Skill and style elevate the boxing-movie tropes of ‘In Full Bloom’ into something unique

Face off: A champion Japanese boxer squares off with an American has-been in the post-war boxing drama ‘In Full Bloom’.

IN FULL BLOOM *** (87 minutes)
Given how convention-driven most boxing films are it’s surprising how impressive In Full Bloom turns out to be, cliches and all.

Set in post-war Japan where the bruises of America’s victory have barely begun to heal, the story pits champion local boxer Masahiro (Yusuke Ogasawara) against former US great Clint Sullivan (Tyler Wood) in a match that has a lot of personal and national pride riding on it.

Sullivan is a mess. His career is in tatters and winning in Japan could revive his prospects and set him and his pregnant wife Genevieve (Stefanie Estes) up for the rest of their lives.

But what is he to do when his slick and slimy deal-happy manager Silas (S. Scott McCracken) introduces him to a group of shadowy, well-dressed underworld figures who offer him a huge amount of money to throw the fight? Should he be mortally insulted? Or does his manager make a good case that taking a dive might actually help him more than a victory would?

Meantime, Masahiro is off in the snow-caked woods seeking out the wisdom of Tetsuro (Hiroyuki Watanabe), an eccentric trainer from the Mr Miyagi School of Fight Movie Trainers. (Should we forgive 1984’s The Karate Kid for embedding this trope into fight films? Or should we be thankful?)

While Sullivan wrestles with his manager and pounds away at his locker in frustration, Masahiro enjoys a more luxurious time preparing for the fight.

Tetsuro drip feeds him morsels of bumper sticker wisdom, such as the difference between ego (bad thing) and confidence (good thing), while putting him through some reflex-sharpening exercises. These involve catching fish by hand, assaulting trees and resisting the sexual advances of a super-hot prostitute.

The cluster of boxing-movie chestnuts in the film go all the way back to the 1949 Robert Wise classic The Set Up, traversing the genre through Raging Bull, Pulp Fiction (yes, it counts), The Fighter right up to the new-generation Rocky films.

But is In Full Bloom honouring cinematic tradition or merely reciting boxing-movie tropes?

It’s a matter of delivery. Done poorly, the film would have come across as a bland rehashing of cliches.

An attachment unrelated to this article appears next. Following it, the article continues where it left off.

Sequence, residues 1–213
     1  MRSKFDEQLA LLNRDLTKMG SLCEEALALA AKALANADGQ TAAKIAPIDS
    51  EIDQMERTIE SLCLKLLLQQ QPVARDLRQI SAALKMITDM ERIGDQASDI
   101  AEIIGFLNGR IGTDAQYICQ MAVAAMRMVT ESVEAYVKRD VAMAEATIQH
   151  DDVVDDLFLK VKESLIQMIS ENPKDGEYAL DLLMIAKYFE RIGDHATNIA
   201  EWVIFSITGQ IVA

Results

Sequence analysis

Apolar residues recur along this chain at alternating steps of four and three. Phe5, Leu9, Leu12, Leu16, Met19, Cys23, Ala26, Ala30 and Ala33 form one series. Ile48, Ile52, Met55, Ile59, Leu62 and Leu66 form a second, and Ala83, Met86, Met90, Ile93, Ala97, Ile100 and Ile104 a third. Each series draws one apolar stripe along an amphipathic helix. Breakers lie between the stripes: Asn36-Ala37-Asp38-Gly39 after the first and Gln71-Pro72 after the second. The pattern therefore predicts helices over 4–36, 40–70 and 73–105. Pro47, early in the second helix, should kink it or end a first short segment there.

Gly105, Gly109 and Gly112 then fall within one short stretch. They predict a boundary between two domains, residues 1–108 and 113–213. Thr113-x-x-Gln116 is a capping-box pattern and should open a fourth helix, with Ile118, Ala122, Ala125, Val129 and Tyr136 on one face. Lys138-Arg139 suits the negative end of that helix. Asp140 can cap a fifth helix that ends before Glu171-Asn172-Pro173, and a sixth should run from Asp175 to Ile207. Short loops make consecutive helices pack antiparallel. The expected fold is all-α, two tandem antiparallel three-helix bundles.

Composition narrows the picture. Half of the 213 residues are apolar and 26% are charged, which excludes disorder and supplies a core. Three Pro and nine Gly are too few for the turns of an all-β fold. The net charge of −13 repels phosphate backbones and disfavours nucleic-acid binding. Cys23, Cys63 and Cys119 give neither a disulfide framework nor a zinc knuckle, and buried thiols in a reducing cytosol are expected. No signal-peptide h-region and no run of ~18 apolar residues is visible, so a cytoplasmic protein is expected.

Thankfully, the film is a flourish of style, with the strong direction from debut writer/directors Reza Ghassemi & Adam VillaSenor eliciting top-shelf performances from a no-name cast and filling the film with tough dramatic scenes and lyrical visuals that rework a pretty standard scenario into a package we’ve never really seen before.

It’s an engrossing exercise in cinematic alchemy, reshaping the familiar into something that looks and sounds unique.

The film has an engaging non-linear structure, sudden shifts in tone and dashes of surrealism. The performances throughout are sharp and on point, with McCracken especially good as the manager who wants it all and who thinks he can sell anything.

What really cracks the film open is its outstanding look, with directors Ghassemi & VillaSenor – who were also responsible for editing, production design and cinematography – gracing the film with a distinct noir feel through the expert use of shadows, stark contrast, close-ups and a restricted colour palette.

Of key importance, of course, is the climactic fight sequence, and this is where the film truly comes into its own.

Shot against a black background the first bout consists of a remarkable single shot as the camera twirls around the two boxers as they pound into each other. Stellar editing and swift camera moves come into play in the following rounds, emphasizing the ironic intimacy that can exist between two determined boxers.

Martin Scorsese’s 1980 classic Raging Bull is often used as the benchmark for great boxing cinematography. What Ghassemi & VillaSenor achieve with In Full Bloom – with the help of veteran fight co-ordinator Darrell Foster (Ali; Bleed For This; I Spy; Play it to the Bone) – is in that league.

But surely the film is just an example of flash over substance.

Here’s the point: when filmmakers render a stock story with great style they’re not just wrapping it in affectation, they imbue it with fresh meaning and potency.

The idea of “style over substance” or “style versus substance” is predicated on the nonsensical notion that the two are somehow mutually exclusive rather than intrinsically linked. Almost every worthwhile work of art – any art – is a marriage of style and substance.

Style elevates substance when deployed with skill. If the skill isn’t there cracks will show and the work suffers. That’s certainly not the case here.